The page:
Remote sensing technology has detected what could be a win for both spotted owls and forest management, according to a study led by the University of California, Davis, the USDA Forest Service Pacific Southwest Research Station and the University of Washington.
For 25 years, many forests in the western United States have been managed to protect habitat for endangered and threatened spotted owls. A central tenet of that management has been to promote and retain more than 70 percent of the forest canopy cover.
However, dense levels of canopy cover leave forests prone to wildfires and can lead to large tree mortality during droughts. Thus, the disconnect between two significant land management goals.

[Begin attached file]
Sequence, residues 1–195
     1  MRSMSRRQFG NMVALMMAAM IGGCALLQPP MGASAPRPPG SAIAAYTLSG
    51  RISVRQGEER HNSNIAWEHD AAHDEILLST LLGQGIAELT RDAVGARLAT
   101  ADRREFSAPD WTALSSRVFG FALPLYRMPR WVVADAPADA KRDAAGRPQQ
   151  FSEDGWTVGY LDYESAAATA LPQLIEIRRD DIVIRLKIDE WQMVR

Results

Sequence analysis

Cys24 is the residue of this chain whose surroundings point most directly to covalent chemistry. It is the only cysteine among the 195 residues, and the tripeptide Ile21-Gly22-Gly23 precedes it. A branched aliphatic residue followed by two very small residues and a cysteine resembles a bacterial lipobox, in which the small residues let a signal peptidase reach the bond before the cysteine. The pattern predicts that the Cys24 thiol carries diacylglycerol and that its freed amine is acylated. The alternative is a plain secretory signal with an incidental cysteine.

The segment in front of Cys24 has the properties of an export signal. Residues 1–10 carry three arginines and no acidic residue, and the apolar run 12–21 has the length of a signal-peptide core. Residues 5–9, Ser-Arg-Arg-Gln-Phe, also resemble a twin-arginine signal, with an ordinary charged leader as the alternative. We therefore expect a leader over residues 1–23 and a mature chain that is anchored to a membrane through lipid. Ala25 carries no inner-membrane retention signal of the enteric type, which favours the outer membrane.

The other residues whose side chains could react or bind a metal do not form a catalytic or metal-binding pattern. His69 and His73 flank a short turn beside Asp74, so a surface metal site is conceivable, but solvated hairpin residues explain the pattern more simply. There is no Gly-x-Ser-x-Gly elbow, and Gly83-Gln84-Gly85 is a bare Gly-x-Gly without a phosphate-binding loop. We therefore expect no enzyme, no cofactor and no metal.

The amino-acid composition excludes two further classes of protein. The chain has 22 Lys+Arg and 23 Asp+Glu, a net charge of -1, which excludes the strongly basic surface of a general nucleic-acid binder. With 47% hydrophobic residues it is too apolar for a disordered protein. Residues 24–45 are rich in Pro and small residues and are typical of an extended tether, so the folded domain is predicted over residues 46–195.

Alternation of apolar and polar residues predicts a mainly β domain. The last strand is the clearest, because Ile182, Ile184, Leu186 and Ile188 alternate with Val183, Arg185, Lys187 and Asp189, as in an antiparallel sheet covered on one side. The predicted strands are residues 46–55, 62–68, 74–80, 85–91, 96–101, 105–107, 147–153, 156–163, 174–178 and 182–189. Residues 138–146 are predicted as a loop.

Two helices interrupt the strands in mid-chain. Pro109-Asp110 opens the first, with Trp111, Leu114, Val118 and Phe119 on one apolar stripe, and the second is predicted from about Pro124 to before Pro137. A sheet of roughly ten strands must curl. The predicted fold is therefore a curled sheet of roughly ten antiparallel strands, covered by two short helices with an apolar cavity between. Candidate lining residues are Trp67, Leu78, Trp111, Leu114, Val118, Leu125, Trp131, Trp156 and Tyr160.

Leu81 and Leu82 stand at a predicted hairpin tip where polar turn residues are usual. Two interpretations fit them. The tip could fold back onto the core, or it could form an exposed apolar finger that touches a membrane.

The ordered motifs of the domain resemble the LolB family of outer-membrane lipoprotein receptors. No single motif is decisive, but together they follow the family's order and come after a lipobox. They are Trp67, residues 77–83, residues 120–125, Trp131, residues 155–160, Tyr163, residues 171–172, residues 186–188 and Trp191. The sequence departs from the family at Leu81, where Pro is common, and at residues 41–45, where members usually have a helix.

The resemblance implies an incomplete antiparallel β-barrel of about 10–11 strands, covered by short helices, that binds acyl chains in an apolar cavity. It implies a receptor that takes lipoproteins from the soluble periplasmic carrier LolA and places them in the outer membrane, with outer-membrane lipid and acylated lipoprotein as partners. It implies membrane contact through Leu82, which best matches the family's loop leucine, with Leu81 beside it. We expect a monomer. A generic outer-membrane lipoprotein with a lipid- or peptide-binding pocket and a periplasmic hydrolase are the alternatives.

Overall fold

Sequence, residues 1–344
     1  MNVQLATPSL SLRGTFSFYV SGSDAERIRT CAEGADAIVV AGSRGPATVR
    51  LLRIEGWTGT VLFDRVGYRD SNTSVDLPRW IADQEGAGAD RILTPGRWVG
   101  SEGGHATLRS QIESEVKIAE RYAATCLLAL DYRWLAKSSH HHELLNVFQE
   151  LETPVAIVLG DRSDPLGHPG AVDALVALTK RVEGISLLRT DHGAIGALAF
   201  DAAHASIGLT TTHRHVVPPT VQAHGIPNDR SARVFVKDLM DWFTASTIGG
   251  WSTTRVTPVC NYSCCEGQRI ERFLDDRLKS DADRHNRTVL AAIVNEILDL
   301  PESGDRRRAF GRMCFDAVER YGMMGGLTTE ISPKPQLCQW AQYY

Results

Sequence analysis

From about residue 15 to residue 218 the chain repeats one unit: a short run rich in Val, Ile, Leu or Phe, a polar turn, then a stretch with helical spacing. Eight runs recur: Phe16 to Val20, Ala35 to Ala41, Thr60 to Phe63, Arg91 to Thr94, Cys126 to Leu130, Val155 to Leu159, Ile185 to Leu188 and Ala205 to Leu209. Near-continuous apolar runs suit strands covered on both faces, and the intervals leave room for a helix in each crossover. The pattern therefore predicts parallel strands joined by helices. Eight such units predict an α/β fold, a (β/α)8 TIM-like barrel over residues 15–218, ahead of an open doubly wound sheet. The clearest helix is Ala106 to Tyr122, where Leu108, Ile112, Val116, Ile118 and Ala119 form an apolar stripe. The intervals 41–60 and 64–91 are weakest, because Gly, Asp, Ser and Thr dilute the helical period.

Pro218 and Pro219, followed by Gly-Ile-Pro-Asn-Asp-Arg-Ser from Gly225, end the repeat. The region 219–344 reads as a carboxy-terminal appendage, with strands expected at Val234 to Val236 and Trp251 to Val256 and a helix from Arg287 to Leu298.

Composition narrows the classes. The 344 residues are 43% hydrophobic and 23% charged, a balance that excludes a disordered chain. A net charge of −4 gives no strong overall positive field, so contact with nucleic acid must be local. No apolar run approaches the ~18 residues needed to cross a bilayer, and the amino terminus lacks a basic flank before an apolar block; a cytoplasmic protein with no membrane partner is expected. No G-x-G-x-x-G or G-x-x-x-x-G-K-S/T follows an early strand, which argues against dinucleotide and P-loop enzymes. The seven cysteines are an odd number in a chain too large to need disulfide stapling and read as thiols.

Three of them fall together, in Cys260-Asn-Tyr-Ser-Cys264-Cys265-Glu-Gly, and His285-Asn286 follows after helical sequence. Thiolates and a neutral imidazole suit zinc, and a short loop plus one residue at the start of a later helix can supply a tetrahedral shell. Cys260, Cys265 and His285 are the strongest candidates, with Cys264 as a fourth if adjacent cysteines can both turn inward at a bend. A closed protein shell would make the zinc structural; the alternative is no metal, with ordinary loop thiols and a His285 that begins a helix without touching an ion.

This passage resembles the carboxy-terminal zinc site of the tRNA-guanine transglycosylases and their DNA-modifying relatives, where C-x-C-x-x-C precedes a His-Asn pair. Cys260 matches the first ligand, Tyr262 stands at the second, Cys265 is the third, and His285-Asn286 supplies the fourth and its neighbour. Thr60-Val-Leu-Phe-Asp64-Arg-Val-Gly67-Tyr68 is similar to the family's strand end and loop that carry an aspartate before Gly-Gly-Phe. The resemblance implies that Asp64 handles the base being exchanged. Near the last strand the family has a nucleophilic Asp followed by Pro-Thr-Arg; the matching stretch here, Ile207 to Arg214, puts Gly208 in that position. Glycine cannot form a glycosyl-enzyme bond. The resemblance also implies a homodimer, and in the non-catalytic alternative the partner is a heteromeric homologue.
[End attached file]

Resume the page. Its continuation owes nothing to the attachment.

In the study, published in the journal Forest Ecology and Management, scientists found that cover in tall trees is the key habitat requirement for spotted owls — not total canopy cover. It indicated that spotted owls largely avoid cover created by stands of shorter trees. [Read more…]